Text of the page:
Investment banks are confusing organisations to understand at first, especially in light of the fact that a plethora of acronyms are used to describe everything from divisions and geographies to financial products and markets. The easiest way to familiarise yourself with the relevant jargon is to spend time inside investment banks and talk to those who spend most of their days (and many nights!) working in them. This overview is aimed at those looking to gain a basic insight into the workings of an investment bank. It should enable the reader to present him or herself with the necessary confidence and understanding of the industry to succeed during interviews and internships. Remember that the fundamental role of an investment bank is to connect organisations seeking capital (money) with investors looking to invest funds in order to grow their own capital.
Investors seek a return on their investment that at least matches the rate of inflation. They usually invest in companies or securities if the potential return on investment exceeds the return that could be achieved via other means (such as saving in a bank account or purchasing government bonds). In this context, investors are typically high net-worth individuals, private equity firms or corporate entities referred to as investment funds. The latter includes the companies to which we pay our pension contributions (pension funds) and insurance premiums (insurance companies), mutual funds and sovereign wealth funds.
Organisations Requiring Capital
Companies require capital to acquire other firms and assets, invest in new ventures, expand into new regions and finance operations. Governments require capital to facilitate investment or repay older debt that has fallen due.
intermediaries between investors and organisations requiring capital. The way in which the financial markets operate is often very complex, but banks are essentially the conduits of capital. Without the service of wholesale, investment or merchant banks, companies would find it far more difficult to raise capital (and thus expand and invest) and investors would struggle to access investment opportunities that could grow their capital.
Institutional Investors / Investment Funds: institutions with specialist knowledge that trade (buy and sell) securities (such as shares, bonds or derivatives) in large quantities, usually on behalf of others. Examples include: asset managers, mutual funds, hedge funds, pension funds and insurance companies.
Pension Funds & Insurance Companies: pension funds invest the pension contributions made by employees/employers in order to generate a return that will enable them to provide retirement income for employees when they reach the end of their working lives. Insurance companies invest insurance premiums in order to make a profit and to ensure enough capital is generated to cover insurance claims in the future.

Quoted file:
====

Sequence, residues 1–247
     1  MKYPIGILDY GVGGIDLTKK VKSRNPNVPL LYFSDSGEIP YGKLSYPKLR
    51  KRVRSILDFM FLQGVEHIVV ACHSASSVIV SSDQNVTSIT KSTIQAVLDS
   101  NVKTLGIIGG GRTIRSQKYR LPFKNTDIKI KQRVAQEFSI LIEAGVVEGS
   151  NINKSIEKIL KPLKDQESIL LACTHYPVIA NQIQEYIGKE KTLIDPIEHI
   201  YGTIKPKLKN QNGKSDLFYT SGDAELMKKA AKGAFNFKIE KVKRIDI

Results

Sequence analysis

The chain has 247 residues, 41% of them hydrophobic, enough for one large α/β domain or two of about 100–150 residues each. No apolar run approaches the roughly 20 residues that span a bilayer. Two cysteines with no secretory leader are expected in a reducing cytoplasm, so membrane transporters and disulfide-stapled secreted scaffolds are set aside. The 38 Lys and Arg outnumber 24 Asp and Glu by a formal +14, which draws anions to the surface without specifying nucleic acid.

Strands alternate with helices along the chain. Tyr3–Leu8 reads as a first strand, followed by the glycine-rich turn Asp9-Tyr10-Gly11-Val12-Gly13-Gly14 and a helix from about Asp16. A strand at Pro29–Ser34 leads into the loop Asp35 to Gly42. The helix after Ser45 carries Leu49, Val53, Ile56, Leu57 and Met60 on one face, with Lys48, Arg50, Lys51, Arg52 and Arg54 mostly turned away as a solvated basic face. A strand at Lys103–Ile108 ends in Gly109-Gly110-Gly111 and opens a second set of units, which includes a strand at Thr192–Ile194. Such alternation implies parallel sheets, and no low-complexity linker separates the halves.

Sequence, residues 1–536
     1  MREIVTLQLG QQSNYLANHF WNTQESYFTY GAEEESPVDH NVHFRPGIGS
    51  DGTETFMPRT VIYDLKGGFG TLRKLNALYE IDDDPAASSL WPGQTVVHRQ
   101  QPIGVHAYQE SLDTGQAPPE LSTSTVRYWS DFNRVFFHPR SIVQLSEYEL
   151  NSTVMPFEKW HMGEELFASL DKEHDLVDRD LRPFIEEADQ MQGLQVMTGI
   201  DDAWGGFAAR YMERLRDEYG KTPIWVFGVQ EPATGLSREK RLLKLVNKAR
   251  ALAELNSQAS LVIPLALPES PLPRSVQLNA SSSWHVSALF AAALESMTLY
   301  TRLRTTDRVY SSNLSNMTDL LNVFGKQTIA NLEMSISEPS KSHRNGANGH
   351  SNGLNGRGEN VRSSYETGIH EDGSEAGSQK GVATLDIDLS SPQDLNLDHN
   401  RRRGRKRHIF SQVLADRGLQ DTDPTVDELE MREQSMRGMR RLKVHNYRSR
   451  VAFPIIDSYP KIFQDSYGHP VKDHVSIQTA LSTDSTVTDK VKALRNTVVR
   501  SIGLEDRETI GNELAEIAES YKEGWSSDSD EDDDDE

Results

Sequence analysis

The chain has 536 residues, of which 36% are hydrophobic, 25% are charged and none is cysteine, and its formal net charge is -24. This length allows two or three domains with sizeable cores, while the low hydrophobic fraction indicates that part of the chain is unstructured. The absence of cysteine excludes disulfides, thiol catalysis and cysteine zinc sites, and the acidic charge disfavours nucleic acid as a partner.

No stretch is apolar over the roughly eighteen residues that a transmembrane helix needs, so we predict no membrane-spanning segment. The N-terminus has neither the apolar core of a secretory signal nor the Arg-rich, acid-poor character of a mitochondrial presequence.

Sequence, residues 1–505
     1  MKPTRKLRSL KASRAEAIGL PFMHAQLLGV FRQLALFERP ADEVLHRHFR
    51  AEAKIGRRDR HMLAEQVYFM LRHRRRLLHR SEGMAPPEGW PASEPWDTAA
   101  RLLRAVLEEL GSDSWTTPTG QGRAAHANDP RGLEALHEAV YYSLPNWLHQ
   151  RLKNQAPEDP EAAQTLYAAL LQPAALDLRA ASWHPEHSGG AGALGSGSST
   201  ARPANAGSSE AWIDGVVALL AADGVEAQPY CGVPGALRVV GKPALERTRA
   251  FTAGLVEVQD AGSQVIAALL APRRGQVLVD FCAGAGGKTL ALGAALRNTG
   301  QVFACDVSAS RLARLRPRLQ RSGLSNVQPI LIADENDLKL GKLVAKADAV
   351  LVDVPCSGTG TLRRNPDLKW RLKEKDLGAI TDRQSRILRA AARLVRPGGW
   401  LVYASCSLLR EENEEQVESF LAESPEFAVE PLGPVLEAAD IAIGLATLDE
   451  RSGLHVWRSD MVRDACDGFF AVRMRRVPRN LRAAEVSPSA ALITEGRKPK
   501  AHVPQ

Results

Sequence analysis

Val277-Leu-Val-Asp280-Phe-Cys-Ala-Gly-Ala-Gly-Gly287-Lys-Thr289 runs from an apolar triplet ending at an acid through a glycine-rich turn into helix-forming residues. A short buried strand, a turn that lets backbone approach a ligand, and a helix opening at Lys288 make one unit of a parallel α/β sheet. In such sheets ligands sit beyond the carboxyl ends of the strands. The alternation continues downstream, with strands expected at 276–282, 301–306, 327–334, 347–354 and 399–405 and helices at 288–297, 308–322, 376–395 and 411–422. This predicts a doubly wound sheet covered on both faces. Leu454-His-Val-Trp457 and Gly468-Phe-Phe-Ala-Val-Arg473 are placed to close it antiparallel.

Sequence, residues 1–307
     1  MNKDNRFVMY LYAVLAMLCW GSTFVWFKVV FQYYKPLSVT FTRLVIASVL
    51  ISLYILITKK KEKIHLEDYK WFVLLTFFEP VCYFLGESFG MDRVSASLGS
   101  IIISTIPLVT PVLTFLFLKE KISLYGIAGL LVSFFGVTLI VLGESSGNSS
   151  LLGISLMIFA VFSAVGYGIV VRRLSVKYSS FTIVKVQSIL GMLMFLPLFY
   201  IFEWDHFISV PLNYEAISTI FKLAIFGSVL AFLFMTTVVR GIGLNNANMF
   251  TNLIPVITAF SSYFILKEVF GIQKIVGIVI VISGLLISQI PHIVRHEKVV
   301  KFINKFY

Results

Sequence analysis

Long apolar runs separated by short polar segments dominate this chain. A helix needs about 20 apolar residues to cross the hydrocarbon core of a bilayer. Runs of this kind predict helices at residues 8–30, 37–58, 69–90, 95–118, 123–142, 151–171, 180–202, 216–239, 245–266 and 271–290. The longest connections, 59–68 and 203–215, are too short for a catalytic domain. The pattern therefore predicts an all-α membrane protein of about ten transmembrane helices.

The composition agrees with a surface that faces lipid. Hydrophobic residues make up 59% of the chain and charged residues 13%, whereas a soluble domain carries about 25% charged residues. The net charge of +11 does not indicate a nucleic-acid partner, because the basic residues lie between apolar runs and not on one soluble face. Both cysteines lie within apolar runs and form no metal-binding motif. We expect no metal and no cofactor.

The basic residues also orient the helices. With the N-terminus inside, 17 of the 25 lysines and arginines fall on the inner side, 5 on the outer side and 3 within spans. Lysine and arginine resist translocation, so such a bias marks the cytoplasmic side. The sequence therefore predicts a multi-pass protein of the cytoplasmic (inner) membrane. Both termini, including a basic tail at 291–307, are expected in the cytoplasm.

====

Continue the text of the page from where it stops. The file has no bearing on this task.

Hedge Funds: these are sophisticated investment firms that aim to generate high returns from investments using advanced investment strategies. These firms typically have short-term investment horizons and invest capital that has been borrowed from investment banks. Hedge funds try to make money regardless of whether the market moves up or down.
Private Equity Firms: these aggregate funds from institutional investors and private individuals. They aim to purchase mature businesses with established strategies and reliable cash flows, at low prices, using large quantities of debt. Through improving operational efficiency (e.g. cutting costs) and using financial engineering techniques (e.g. paying down (paying off) debt using operating cash flows), private equity firms aim to increase the value of companies in which they have invested. Typically, they look to then sell on the companies for a profit after 3-5 years of ownership and improvements.
Venture Capital Firms: these also aggregate funds from institutional investors and private individuals. They invest in companies at a very early stage (sometimes before companies have generated any profit) and often use industry experts to help grow the business.
Sovereign Wealth Funds: state-owned investment funds that invest for the benefit of a country’s economy and citizens.
Securities: financing or investment instruments such as bonds and shares.
Cost Of Capital: the cost for an organisation to raise and sustain capital. For capital sourced through borrowing (debt capital), this is the cost of the interest payments a borrower must make to a lender. For equity investments (e.g. share purchases), this is the reward demanded by investors to compensate for the risks relating to their equity investment. Potential rewards include capital gains (which occur when shares are sold for more than they were purchased) and dividend payments. Potential risks include the fact that share prices may fall and that there is no legal obligation for companies to pay dividends to shareholders. The cost of capital can vary depending on current market conditions and an organisation’s financial performance, maturity and creditworthiness (including its track record and the nature of any previous relationships with investors). Organisations will usually be willing to pay a reasonable price for capital, based upon the assumption that they will be able to generate financial returns (from investing that capital) that exceed the amount paid to investors for their capital (the cost of capital).
Premium: paying a premium means paying an amount that exceeds the market value of a product or company. Premiums can be offered by potential purchasers (or borrowers) to persuade sellers (or lenders) to engage in transactions. Buyers will offer premiums in the belief that they will be able to extract additional value from the target company post-acquisition, either because it is under-valued, underperforming or unable to operate as efficiently as it could if controlled by the buyer.
By Jake Schogger - City Career Series